Iggy Pop has lashed out at the modern music industry and has sympathies for music fans who illegally download songs. Calling the state of the industry as "laughably maybe almost entirely pirate," the Godfather of Punk says that fans have been "totally left out, screwed and abandoned” by record companies. Speaking to an audience in Salford, England at the annual John Peel Lecture, Pop also criticized the recent release of U2's album by Apple for denying listeners any choice. “Part of the process when you buy something from an artist. It’s a kind of anointing, you are giving people love. It’s your choice to give or withhold. You are giving a lot of yourself, besides the money. But in this particular case, without the convention, maybe some people felt like they were robbed of that chance and they have a point. It’s not the only point. These are not bad guys."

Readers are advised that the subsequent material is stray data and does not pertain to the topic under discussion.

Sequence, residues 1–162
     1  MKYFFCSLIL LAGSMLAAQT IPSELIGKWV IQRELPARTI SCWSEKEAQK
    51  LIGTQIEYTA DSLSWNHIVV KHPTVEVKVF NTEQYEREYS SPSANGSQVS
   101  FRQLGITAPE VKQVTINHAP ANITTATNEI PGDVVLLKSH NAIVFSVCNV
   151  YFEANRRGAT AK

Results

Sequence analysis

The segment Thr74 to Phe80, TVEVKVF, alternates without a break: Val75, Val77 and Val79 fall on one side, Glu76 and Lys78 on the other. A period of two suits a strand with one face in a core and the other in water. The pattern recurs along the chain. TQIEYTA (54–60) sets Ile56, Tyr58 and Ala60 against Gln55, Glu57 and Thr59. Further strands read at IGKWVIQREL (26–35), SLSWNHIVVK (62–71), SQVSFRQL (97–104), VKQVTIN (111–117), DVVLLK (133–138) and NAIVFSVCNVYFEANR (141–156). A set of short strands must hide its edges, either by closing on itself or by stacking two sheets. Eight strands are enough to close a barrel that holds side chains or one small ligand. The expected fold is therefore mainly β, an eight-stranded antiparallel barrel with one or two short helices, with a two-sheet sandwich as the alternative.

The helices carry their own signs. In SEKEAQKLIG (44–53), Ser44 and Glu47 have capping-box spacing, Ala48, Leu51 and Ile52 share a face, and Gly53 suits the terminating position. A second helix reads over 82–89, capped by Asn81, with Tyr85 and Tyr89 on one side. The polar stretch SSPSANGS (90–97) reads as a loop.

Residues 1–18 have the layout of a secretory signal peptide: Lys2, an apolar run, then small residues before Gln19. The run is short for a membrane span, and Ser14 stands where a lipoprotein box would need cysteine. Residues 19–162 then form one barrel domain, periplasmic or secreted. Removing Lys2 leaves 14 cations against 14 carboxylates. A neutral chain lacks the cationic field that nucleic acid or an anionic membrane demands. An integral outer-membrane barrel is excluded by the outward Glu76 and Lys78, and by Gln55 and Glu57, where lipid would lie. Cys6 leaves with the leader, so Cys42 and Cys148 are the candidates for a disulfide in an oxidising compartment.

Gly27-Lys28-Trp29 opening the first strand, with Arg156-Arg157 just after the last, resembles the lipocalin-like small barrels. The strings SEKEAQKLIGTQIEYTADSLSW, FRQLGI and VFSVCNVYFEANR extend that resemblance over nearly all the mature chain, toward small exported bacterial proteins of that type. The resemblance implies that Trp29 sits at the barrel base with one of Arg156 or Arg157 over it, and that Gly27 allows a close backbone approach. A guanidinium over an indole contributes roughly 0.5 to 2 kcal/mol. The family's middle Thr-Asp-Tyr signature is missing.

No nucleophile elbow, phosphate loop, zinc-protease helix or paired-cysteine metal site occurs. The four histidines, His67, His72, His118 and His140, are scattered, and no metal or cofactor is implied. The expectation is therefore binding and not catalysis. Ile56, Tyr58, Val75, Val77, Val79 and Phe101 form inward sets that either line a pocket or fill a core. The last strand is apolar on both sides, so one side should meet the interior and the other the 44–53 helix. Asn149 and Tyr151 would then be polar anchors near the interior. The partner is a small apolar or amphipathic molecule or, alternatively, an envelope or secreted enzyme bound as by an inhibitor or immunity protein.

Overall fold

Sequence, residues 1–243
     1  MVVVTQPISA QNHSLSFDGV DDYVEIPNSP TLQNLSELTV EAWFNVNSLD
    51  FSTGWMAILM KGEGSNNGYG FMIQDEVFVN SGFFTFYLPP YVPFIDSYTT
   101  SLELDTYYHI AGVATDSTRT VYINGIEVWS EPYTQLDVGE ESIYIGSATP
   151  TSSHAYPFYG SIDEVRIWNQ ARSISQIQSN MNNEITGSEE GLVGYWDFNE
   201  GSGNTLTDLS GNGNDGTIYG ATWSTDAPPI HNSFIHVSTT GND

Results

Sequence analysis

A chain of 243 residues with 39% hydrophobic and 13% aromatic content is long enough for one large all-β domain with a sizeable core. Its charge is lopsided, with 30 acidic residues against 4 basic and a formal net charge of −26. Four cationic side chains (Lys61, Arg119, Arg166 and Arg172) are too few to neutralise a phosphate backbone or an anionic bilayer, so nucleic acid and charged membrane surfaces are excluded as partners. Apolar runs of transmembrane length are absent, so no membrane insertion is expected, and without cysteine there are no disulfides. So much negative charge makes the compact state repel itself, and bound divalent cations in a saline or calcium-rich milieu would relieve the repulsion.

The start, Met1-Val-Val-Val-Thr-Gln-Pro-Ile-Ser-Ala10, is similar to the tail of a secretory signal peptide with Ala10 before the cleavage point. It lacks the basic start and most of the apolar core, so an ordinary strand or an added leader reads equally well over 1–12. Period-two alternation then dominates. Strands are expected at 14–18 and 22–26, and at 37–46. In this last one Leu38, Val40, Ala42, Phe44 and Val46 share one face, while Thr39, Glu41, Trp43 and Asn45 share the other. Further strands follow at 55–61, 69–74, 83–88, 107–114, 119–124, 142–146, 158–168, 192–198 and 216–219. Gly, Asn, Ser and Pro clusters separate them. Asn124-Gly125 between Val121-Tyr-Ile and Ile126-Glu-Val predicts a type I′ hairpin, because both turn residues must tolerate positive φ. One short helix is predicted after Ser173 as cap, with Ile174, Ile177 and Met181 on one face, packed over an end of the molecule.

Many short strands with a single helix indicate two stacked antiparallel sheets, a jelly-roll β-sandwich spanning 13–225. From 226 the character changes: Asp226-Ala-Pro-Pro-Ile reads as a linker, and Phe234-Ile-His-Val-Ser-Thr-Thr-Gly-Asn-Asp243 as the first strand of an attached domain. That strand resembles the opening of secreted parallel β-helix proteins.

Pop commented on the current financial state of the industry, and of the people who make the music, including himself. "If I had to depend on what I actually get from sales I’d be tending bars between sets. I mean honestly it’s become a patronage system." Punishing bootleggers is not helpful to anyone, he feels. “There is a general atmosphere of resentment, pressure, kind of strange perpetual war, dripping on all the time. And I think that prosecuting some college kid because she shared a file is a lot like sending somebody to Australia 200 years ago for poaching his lordship’s rabbit. That’s how it must seem to poor people who just want to watch a crappy movie for free after they’ve been working themselves to death all day at Tesco or whatever, you know."
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